Any other actions deemed to be inconsistent with appropriate student conduct, as determined by the President of East Stroudsburg University.
Sexual harassment is defined as unwelcome sexual advances, requests for sexual favors, whether or not accompanied by promises or threats, and other sexual conduct when: … such conduct is so severe or pervasive so as to create a hostile or abusive work or educational environment, which unreasonably interferes with work or educational performance, or negatively effects an individuals’ employment or education opportunities.
Harassment: is defined as any type of behavior based on race, color, national origin, religion, sex, disability, age, sexual orientation, gender identity or veteran’s status that is so severe or pervasive that it interferes with an individual’s ability in the work, learning or other university environment.
The student and the student organization shall be free to examine and discuss all questions of interest to them and to express opinions publicly or privately.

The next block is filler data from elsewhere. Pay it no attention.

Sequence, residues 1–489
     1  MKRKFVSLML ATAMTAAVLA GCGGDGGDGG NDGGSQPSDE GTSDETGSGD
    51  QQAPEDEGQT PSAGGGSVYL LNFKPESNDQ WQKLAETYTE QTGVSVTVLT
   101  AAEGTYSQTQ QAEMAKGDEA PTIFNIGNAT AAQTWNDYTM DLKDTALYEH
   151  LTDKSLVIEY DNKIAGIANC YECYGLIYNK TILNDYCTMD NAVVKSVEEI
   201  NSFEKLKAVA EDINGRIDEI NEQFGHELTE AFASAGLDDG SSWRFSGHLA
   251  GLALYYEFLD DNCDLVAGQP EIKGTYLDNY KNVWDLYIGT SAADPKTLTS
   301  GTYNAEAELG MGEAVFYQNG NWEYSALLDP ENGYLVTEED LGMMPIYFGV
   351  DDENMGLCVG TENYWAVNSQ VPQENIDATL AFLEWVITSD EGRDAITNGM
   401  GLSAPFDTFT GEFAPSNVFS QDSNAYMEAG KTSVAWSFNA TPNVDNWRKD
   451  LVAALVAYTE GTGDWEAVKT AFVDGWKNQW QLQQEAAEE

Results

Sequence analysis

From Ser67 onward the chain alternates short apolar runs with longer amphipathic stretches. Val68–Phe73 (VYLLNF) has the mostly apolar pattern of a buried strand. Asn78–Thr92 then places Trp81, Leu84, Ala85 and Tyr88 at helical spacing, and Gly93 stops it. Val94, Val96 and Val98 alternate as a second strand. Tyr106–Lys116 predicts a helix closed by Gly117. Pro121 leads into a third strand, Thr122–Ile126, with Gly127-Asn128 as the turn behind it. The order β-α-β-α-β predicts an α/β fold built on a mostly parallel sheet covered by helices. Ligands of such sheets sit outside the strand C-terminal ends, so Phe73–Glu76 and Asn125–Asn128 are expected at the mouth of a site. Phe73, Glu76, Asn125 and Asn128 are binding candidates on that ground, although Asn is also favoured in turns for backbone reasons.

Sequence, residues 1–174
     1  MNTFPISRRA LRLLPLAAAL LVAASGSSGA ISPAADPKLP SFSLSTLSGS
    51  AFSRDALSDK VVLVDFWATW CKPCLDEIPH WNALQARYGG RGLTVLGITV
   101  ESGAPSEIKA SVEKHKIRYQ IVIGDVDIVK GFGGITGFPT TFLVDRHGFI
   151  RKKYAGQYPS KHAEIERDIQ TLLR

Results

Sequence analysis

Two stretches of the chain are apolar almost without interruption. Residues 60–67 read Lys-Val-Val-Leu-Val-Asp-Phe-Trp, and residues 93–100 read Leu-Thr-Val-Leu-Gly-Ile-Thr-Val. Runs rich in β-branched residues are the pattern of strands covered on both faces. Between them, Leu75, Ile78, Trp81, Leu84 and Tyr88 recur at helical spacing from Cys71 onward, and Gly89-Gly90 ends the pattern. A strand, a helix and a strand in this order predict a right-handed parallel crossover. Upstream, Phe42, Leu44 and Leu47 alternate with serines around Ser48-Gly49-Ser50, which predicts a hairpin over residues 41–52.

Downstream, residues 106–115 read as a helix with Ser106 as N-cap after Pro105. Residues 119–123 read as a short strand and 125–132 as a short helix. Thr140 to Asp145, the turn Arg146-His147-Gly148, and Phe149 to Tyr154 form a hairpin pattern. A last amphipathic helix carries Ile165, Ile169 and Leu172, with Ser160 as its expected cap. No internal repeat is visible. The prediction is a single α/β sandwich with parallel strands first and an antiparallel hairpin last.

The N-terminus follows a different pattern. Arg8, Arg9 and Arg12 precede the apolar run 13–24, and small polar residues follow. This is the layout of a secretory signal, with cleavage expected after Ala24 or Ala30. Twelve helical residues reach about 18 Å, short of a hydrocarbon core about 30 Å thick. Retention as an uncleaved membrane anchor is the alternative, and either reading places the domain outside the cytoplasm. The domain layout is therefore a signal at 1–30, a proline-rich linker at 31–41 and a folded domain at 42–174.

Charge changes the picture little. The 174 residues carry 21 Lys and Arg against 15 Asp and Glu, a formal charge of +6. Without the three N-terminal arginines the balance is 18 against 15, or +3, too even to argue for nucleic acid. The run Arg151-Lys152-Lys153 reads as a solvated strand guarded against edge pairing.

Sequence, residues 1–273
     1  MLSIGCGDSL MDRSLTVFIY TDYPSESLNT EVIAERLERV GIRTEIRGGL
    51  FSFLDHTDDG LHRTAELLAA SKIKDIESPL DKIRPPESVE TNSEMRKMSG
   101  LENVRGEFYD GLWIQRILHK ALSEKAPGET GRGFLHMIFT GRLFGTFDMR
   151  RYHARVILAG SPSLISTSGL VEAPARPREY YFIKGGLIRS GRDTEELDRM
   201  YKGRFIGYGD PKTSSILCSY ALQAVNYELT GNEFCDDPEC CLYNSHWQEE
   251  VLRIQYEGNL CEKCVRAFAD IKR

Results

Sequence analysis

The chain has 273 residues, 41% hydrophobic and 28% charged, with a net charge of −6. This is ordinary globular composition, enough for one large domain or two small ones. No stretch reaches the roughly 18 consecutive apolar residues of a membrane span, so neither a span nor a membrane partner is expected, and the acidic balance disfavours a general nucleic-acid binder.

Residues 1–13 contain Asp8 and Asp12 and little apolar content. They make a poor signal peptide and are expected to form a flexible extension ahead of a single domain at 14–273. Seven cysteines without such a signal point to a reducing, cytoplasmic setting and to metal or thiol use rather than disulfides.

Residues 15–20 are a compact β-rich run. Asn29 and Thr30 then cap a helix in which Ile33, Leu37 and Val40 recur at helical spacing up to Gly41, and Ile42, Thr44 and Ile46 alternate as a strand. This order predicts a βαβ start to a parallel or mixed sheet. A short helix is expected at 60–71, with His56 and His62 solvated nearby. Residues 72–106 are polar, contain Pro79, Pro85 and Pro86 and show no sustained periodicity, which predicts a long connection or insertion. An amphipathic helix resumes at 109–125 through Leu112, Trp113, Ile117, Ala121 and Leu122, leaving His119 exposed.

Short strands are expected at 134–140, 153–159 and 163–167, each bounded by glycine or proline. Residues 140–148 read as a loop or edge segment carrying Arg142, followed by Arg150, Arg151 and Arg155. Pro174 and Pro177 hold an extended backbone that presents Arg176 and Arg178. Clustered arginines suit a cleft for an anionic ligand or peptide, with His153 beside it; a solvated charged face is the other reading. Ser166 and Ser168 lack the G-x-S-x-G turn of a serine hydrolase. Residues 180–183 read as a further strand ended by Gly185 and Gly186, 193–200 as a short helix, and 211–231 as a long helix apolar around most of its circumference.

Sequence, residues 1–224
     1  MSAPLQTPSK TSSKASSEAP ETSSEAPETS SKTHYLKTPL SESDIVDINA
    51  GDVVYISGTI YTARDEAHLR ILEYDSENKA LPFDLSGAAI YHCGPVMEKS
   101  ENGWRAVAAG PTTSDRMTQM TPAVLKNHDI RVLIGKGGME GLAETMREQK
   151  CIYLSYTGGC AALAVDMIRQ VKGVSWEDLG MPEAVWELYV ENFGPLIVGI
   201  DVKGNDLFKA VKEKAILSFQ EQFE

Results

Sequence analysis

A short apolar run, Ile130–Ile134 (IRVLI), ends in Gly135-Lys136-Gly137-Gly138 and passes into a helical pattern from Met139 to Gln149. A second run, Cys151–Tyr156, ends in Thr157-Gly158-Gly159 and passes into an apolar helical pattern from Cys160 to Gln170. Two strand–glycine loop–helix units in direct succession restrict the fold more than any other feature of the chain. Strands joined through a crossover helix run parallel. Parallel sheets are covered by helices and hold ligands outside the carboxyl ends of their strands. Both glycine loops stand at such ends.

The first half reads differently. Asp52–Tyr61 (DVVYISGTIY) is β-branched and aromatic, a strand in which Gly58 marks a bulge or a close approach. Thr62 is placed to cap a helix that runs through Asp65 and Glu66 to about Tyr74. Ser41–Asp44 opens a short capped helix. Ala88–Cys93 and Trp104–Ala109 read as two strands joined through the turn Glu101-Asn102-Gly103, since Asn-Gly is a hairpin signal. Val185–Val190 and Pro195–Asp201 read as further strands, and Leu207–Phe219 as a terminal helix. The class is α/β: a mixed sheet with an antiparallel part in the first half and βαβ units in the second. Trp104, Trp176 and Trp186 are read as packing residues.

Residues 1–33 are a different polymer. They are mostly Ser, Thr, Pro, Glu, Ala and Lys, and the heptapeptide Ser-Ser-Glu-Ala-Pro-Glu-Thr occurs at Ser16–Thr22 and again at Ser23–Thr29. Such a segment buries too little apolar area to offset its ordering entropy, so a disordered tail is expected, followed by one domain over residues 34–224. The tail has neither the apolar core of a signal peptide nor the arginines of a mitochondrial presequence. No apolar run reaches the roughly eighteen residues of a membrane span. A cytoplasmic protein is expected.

November 11, 2005
President Bush’s latest nominee to the U.S. Supreme Court, Samuel A. Alito Jr., is a federal appeals-court judge who has championed free speech on campuses while taking a skeptical view of policies intended to protect minority students from verbal harassment or give the minority employees of educational institutions an edge over their colleagues. Many Republican lawmakers and conservative commentators cheered the president’s announcement last week that he had picked Judge Alito to succeed Justice Sandra Day O’Connor, who plans to retire. But several liberal groups immediately declared their opposition to Judge Alito, and key Democratic senators made it clear […]» Read More